Tuesday, April 22, 2008

Speculating vs Investing-Hua An, Part III

Hua An closed at $ 0.75/share yesterday. Assuming a speculator bought 10,000 shares at $ 0.75/share, his principal is $7,563. Now is the fun part, if he is a speculator, the share price did not move as strong as he wants, he will have to face a choice of keeping it or selling it out at $ 0.75. If he opted to sell out, he will receive $ 7,437, $ 126 loss or 1.7% (inclusive of transaction costs). Despite of last three days favorable market conditions, he is still losing 1.7%? A speculator will have to figure out what the KLSE thinks today after Bank of America missed the estimates big time!

Avoiding pain is a natural instinct for human. Most will avoid taking 1.7% loss. He will switch position. No! this can’t be, I must listen to Warren Buffet. One must take a long view, this is a long-term investment. What the heck you have just said? There you go, a speculator has been converted. From greed, most will hang on to hope, hope things will get better each day, they will monitor price everyday, every hour, some even every minute? But they still have not set their stop loss yet, let’s set it at 10% for argument sake. We have just set up a potential loss of 11.6% or $ 877 to factor in transaction costs.

Soon, HOPE will turn into FEAR. FEAR into DESPAIR. I bet you a speculator will really want to sell at $ 0.60 later despite of the company is a C grade investment candidate but definitely not D or E grade. C grade investment may tie down your money for medium term to long term but may not necessarily losing your principal. From capital allocation point of view, why put your money into C grade while you can find A or B grade?

Most of the average speculator has no plan. Most will not quantify risk-reward. Again, for argument sake, let’s assume a speculator expect price will move to $ 0.8 in three days. That is a potential net gain of $370 or 5%. The risk-reward in this case: $370 if he wins, $126 if he loses.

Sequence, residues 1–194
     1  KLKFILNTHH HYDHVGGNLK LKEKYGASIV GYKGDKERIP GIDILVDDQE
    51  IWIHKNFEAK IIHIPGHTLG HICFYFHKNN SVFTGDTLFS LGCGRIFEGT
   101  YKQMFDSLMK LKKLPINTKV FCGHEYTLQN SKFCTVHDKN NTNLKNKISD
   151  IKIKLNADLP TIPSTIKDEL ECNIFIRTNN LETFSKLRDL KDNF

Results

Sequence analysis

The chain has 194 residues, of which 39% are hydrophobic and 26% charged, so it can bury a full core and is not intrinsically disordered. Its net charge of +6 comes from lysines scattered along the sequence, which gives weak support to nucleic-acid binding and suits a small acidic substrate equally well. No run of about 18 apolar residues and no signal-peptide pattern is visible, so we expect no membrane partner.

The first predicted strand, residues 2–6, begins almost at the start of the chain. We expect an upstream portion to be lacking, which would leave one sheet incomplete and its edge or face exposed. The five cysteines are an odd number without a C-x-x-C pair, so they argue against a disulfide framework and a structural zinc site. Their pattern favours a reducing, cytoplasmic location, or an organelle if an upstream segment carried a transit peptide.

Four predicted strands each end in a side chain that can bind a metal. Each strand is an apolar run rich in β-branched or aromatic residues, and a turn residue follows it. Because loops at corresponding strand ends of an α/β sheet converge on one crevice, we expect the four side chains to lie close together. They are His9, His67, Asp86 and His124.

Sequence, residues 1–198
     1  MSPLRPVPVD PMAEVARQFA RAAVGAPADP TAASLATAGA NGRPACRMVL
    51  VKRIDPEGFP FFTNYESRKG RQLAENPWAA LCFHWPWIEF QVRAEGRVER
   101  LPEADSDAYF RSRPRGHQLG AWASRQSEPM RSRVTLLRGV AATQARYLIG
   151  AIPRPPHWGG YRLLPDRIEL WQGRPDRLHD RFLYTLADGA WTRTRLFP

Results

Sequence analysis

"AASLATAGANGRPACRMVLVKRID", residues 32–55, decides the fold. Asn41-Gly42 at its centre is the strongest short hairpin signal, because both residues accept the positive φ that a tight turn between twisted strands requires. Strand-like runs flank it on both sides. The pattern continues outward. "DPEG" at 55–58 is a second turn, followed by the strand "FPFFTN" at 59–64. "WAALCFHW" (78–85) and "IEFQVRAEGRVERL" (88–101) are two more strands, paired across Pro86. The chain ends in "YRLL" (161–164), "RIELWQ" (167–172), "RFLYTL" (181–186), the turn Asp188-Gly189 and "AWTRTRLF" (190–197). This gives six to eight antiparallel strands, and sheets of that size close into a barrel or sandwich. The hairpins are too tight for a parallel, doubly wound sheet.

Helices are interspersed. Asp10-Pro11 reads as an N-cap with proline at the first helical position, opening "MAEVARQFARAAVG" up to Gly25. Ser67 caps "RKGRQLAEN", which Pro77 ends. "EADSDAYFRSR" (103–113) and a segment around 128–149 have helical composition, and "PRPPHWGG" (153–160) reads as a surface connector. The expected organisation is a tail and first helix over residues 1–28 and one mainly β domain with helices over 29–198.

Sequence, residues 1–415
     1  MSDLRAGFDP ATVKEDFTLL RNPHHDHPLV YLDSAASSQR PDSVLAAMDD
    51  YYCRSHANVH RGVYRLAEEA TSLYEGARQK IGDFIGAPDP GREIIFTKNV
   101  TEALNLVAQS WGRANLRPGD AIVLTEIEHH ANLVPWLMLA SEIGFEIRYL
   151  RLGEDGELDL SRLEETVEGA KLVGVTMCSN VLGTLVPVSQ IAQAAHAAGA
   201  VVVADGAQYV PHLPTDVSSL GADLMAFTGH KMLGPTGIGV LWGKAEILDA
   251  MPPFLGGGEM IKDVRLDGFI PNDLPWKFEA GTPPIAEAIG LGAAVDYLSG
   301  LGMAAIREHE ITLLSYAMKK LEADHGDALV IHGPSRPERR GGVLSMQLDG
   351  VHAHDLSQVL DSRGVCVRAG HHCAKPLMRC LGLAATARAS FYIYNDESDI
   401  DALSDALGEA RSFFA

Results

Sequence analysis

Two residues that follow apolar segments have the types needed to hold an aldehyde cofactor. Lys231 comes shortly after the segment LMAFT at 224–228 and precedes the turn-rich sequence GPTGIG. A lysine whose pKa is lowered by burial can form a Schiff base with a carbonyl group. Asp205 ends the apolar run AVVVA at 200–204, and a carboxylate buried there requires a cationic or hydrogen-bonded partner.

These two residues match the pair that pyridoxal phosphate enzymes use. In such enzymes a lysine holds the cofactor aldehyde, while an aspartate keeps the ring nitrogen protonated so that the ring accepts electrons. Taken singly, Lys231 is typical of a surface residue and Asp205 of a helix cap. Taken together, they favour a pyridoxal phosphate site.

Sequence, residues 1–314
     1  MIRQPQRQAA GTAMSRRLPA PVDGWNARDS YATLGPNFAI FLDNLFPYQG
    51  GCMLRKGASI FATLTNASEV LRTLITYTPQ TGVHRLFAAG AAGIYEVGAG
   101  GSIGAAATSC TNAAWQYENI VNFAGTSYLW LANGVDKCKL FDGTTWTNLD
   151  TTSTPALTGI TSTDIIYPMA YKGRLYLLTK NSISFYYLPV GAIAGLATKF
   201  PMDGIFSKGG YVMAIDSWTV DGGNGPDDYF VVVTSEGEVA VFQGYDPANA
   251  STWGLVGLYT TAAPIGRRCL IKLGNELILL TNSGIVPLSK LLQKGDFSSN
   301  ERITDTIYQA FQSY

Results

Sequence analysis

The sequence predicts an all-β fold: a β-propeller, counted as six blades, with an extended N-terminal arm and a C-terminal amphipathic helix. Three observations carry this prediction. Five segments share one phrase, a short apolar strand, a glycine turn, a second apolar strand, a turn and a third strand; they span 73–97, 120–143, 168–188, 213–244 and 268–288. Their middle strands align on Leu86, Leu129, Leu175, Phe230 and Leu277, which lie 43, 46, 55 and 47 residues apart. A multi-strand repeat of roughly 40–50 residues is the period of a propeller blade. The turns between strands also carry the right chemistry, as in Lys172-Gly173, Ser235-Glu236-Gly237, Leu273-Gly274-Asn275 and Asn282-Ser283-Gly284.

5% gain vs. 1.7% loss. Do you like the payoff? Have you ever assigned some probability for your payoffs? Let me end my entry by quoting from one of my favorite books Mobs, Messiahs and markets:

“Actually, calling him a speculator is pure flattery. A real speculator has a realistic view of the odds and almost always operates on a simple premise-that the crowd underestimates the odds of discontinuity.

Take the case of the market that goes up every year for 10 straight years. What are the odds that it will go up again? There is no way to know. But mankind is a credulous beast…...And if the market has gone up for 10 years straight, a kind of sentimental momentum tells him it will keep going up. He is loath to accept pure chance as an explanation. He knows there’s a reason for it. Low inflation, record profits, favorable Fed policies: He reads the papers; he knows what’s up.

The real speculator may know no more than the common man. And he has an advantage-he knows the common man. And he knows you don’t win by predicting the future, you win by getting the odds right.”


Good luck, May the Force be With You!

1 comment:

Alan said...

Turtle, I do this kind of trade as well & I've earn some "roti canai" money. Using online trade, we can have lower transaction cost. My bets are mostly on companies I'd like to keep for longer term though.

So, I've missed out on some gains recently because I sold too early!